'That '70s Show' Actor and Scientologist Danny Masterson Found Guilty of Felony Rape

(Photo by Annie I. Bang /Invision/AP, File)

“That ’70s Show” actor Danny Masterson was found guilty on two counts of rape at his retrial in Los Angeles, with a possible sentence of 30 years to life in prison. Masterson’s wife, Bijou Phillips, reacted with shock and tears as he was taken into custody. The jury of seven women and five men deliberated for seven days but could not reach a verdict on the third count. Masterson will be held without bail until sentencing, and his attorneys are expected to appeal.


The Church of Scientology played a large role in both trials. Judge Charlaine Olmedo allowed expert testimony from a former Scientology official who testified against the church’s policies. Tensions between current and former Scientologists were high during the trial. Actress Leah Remini, who has made a shocking mini-series, “Scientology and the Aftermath,” which exposed the cult’s inner workings, reportedly supported one of the victims during closing arguments.

The cult issued a statement after the verdict, claiming that introducing religion into the trial violated the First Amendment, and denied any harassment of the accusers. The victims testified that they faced obstacles when reporting Masterson to church officials, who denied their claims and subjected them to punishment and retaliation. Former Scientologists have come forward to report that the cult rules forbid one Scientologist from turning another over to authorities.

Masterson, known for his role as Steven Hyde on “That ’70s Show,” was accused of drugging and raping three women between 2001 and 2003. Masterson did not testify during the trial, and his defense team called no witnesses. They argued that the acts were consensual and tried to undermine the credibility of the victims.

A hearing is scheduled to investigate how a lawyer representing the Church of Scientology gained access to evidence shared between the prosecution and defense.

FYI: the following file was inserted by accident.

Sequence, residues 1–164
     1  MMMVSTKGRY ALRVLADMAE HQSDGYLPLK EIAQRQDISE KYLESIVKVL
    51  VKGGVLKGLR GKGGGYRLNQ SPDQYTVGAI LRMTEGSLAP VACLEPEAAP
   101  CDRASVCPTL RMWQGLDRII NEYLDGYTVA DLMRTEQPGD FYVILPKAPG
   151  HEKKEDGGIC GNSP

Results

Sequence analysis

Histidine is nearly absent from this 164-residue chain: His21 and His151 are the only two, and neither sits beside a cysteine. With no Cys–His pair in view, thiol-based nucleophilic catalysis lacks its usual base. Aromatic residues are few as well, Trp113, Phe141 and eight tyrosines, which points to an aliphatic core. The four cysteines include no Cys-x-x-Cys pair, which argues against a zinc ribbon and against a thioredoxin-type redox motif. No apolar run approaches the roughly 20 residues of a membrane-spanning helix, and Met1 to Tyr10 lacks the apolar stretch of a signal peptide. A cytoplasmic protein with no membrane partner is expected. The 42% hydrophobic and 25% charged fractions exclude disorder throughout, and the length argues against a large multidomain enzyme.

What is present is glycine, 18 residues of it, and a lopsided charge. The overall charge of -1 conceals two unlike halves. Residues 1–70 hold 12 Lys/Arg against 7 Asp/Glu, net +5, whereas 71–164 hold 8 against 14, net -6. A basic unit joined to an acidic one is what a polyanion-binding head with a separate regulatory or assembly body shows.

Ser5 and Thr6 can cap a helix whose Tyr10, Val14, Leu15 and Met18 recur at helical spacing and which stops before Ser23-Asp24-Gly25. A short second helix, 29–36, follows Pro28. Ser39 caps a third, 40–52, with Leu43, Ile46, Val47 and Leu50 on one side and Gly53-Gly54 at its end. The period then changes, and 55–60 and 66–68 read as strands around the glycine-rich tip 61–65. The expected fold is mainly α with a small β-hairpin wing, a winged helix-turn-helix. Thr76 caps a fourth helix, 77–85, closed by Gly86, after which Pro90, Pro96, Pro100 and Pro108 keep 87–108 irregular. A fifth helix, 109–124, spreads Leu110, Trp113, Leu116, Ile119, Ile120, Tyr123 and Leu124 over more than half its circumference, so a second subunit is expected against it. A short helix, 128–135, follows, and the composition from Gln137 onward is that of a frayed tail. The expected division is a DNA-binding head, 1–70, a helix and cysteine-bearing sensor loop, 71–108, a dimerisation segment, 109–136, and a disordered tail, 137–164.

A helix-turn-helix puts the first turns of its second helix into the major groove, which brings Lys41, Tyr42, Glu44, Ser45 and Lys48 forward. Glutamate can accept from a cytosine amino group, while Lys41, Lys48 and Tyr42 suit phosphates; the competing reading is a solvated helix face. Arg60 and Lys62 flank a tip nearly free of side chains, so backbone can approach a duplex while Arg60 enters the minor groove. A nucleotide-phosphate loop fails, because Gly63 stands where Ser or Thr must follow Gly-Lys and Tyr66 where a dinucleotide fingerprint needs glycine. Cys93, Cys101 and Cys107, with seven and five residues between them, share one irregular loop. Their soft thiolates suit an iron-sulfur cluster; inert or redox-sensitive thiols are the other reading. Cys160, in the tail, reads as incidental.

The trial exposed the graphic and emotional testimonies of the victims, who described being drugged and raped by Masterson. The second trial allowed the prosecution and victims to explicitly mention the drugging, while the first trial only allowed them to describe their condition.

Masterson’s sentencing date is yet to be determined.

The Masterson trial was not televised and the public did not get to see the evidence presented at trial. Because of this, the public can only rely on news reporters who covered the trial for the details. Trusting mainstream news to tell the truth is a risky proposition. Cameras in all courtrooms are essential to the transparency and health of our justice system. In the first trial, which ended in a mistrial, the jury foreman said the women kept changing their stories.

The jury foreman in the rape trial of Danny Masterson said evolving details and other “credibility” issues in his three accusers’ stories ultimately led to a mistrial, while a lack of preparedness from prosecutors and LAPD detectives who testified certainly didn’t help.

The foreman went on to describe several inconsistencies in the women’s stories that led to the first mistrial.

The problem, he said, was that sometime after she said she was forcibly raped, Jane Doe 4 let Masterson come inside when he showed up at his house, took a drink from his whiskey flask – and said she was assaulted again. “We thought a reasonable person would not do that if someone raped you,” Earl said. “You’re not gonna have him come to your house and spend the night and have sex again.”


It’s worrying that prosecutors brought this case a second time behind closed doors without the public having the opportunity to weigh the evidence. I’m not a fan of Scientology, but a fair trial is essential to liberty. We can’t confirm if that’s what happened here due to the closed nature of the trial. It’s just one more example of why cameras in the courtroom benefit us all.


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